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Valley education collaborative one step closer to new regional high school

ST. JOHN VALLEY — The State Board of Education provided one awesome Valentine’s Day wish to the St. John Valley on Wednesday when board members gave top marks to a proposed new regional high school for three area school districts.

“We have just passed the first checkpoint, which is huge,”  Superintendent Ben Sirois of SAD 27 in the Fort Kent area said in an email to staff following the board of education’s vote to accept the Maine Department of Education’s scoring for finalists vying for the state-funded pilot project.

Sirois cautioned, however, that the vote on the final rankings was just the start of a process that could take up to two months before a final determination is made concerning which projects get funded.

“I am still in awe from the news that we are seated number one,” SAD 33 Superintendent Lisa Bernier said Wednesday. “The countless hours spent writing and revising this grant application paid off.  I am so proud and excited for the future of the students of the St. John Valley.”

The intent of the Integrated, Consolidated 9–16 Educational Facility Pilot Project is to encourage neighboring school districts with declining enrollments to work together to combine resources and save costs. The preferred project, according to the state, would combine three or more high schools to create a new regional high school integrated with a career and technical education school and with the University of Maine System and the Maine Community College System.

Maine School Administrative Districts 27 and 33 in the Fort Kent and Frenchville areas, the Madawaska School District, and the St. John Valley Technology Center are collaborating on a proposal to build a Valley United Regional High School in the St. John Valley.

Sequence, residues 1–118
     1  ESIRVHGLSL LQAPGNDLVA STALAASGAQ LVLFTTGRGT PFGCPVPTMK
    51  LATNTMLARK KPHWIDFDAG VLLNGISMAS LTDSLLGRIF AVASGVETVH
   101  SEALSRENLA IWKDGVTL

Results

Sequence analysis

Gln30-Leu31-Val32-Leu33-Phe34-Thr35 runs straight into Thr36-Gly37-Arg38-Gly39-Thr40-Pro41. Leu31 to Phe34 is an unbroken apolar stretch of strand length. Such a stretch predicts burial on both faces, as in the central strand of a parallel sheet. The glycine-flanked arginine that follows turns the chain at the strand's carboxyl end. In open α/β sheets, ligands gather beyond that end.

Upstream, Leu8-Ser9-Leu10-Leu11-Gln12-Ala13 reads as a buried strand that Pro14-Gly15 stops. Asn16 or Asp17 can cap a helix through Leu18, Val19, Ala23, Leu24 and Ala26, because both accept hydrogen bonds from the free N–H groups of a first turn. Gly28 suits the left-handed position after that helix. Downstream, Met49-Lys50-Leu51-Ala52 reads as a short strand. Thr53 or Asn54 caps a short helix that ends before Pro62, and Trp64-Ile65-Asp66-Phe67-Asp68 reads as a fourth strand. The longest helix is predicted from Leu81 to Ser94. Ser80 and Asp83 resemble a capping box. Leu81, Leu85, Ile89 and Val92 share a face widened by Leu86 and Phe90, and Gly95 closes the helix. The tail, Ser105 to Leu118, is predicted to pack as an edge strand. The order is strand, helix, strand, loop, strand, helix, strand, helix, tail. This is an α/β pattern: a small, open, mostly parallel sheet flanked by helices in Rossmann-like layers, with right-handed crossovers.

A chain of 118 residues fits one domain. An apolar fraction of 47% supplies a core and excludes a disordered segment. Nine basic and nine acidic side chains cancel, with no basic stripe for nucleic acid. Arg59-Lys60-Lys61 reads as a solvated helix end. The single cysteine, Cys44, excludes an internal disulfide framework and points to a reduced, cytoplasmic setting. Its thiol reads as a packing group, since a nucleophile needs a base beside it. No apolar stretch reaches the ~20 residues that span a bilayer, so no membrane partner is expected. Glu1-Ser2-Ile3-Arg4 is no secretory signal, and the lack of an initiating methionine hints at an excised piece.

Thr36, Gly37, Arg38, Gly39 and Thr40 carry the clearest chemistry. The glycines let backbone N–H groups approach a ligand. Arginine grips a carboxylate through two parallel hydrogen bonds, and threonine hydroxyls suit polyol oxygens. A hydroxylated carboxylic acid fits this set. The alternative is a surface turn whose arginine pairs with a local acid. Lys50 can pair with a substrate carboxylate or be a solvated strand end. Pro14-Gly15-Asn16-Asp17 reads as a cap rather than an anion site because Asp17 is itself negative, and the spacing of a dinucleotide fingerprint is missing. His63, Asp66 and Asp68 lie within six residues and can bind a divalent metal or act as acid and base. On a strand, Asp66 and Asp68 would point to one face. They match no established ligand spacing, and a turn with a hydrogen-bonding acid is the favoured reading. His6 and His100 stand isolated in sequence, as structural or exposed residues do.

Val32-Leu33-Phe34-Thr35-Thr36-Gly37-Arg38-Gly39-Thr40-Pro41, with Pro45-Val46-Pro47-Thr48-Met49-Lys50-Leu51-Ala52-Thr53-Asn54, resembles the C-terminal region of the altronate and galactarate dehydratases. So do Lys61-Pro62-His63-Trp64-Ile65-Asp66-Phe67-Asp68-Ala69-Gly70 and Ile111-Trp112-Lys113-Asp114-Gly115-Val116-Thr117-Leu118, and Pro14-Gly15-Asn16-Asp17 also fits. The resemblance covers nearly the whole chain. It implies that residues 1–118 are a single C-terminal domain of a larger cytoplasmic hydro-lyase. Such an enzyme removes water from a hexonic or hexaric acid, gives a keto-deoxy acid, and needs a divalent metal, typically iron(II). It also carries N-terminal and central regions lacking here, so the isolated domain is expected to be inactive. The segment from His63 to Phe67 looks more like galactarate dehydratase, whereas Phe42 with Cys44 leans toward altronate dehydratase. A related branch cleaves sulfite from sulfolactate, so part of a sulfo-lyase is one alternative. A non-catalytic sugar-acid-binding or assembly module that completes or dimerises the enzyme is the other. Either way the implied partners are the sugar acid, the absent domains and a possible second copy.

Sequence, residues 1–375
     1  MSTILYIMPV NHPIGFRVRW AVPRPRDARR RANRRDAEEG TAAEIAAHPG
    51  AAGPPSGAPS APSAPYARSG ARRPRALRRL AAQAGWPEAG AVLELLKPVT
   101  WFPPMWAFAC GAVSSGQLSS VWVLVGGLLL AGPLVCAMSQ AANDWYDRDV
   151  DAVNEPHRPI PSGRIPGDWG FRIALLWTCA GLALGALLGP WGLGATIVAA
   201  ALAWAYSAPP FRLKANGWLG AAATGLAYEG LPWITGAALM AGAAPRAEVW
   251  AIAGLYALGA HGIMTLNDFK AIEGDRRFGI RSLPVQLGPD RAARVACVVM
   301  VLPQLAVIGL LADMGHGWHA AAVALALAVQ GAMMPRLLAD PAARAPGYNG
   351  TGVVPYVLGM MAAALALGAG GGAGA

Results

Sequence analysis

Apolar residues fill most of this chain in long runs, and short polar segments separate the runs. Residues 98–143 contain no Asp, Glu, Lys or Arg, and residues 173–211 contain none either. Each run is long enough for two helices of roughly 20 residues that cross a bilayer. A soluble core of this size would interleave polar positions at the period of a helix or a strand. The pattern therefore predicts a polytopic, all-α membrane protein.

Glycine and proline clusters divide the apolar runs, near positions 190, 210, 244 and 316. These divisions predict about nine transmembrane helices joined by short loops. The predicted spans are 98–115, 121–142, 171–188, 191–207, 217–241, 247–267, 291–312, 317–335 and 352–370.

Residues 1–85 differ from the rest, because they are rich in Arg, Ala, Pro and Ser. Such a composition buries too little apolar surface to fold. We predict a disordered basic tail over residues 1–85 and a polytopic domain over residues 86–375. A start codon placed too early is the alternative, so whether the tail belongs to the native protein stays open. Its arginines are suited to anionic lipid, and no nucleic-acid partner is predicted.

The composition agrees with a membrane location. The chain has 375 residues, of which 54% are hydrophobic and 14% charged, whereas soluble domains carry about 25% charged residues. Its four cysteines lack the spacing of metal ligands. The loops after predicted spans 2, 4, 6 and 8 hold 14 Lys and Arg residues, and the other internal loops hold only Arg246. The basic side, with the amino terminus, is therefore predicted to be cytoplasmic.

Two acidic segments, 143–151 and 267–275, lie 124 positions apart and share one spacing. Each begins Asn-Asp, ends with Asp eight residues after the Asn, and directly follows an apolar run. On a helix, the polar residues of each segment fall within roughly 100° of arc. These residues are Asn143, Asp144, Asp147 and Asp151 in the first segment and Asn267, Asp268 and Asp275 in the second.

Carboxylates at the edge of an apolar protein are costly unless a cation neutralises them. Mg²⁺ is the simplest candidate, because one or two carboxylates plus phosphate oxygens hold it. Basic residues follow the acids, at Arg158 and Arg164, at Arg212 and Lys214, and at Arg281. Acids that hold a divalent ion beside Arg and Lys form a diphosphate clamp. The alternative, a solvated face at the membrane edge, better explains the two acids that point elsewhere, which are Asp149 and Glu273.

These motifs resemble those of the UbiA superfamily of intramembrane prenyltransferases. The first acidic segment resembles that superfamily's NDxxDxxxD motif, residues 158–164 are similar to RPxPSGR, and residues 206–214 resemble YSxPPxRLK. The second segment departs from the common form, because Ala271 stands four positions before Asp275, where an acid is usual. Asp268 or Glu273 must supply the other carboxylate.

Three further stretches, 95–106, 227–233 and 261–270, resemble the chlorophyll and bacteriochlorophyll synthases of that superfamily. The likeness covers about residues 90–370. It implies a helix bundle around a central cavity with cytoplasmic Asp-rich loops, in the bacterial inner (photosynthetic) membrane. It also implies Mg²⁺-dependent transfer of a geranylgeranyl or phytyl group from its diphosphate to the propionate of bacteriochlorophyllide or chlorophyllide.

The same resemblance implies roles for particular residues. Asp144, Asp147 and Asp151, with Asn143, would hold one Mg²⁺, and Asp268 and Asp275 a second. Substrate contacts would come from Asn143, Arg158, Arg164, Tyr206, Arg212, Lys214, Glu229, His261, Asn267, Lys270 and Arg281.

“Communities across Maine are demonstrating that when the state provides them with support and incentives, they will work together to create more opportunities for students in an efficient and effective way,” Gov. Paul LePage said Wednesday in a press release about the Board of Education’s vote. “I commend the local superintendents and school boards for putting the needs of their students first.”

Seven applications were submitted for the pilot school program. Only three were invited to continue onto the second phase of the application process.

The St. John Valley collaborative scored 160 total points. A southern Aroostook area collaborative, which includes RSU 29 (Houlton area), SAD 70 (Hodgdon area) SAD 14 (Danforth area), RSU 50 (Dyer Brook area) and the Region Two School of Applied Technology scored 150 points. In third place, with 145 points, is an effort that includes SAD 46 (Dexter area), SAD 4 (Guilford area), RSU 82/MSAD 12 in the Jackman area, the Greenville School District, and the Dexter-based Tri-County Technical Center.

Next in the process is a 30-day review period for each applicant to look over the process for any errors they feel may have been made with the DOE’s point totals. After that, the Commissioner of Education has 30 days to go over any appeals and to finalize the “commissioner’s approved list” to bring back to the State Board of Education.

Once the State Board of Education approves the commissioner’s list, a determination will be made concerning which projects on the list will get funded.

The location of a new school in the Valley has not yet been discussed. If the final grant is approved, a local team would be assembled to look at possible locations, but the ultimate decision of where to build the school would be up to the state.

“When these projects are up and running, they will serve as a shining example of what is possible when our communities work together to benefit students,” LePage said in his release.

Siros said grant money from the state would cover the cost of the new high school project, with no local funding being needed. The state has indicated that up to $100 million is available for construction of such a pilot project school, Sirois has said. The final cost for a new St. John Valley high school would not be known until the school is designed and planned out. That could still take a few years.

While it is not likely the state would fund more than one pilot project, Sirois said the decision ultimately will rest with the State Board of Education to determine whether more than one deserving proposal gets funded. The state also has the right to reject all applications.

The proposed new high school in the Valley is among several grants and projects the three local school districts have been working on over the last the two years.

“Regionalizing our high schools has been discussed in our communities for a long time, decades maybe,” Madawaska School Superintendent Gisele Dionne said Thursday. “Although they are graduated, I would want my own children to have the possibility of attending the school we have envisioned.”

“It’s an exciting time in St. John Valley education,”  Sirois said.

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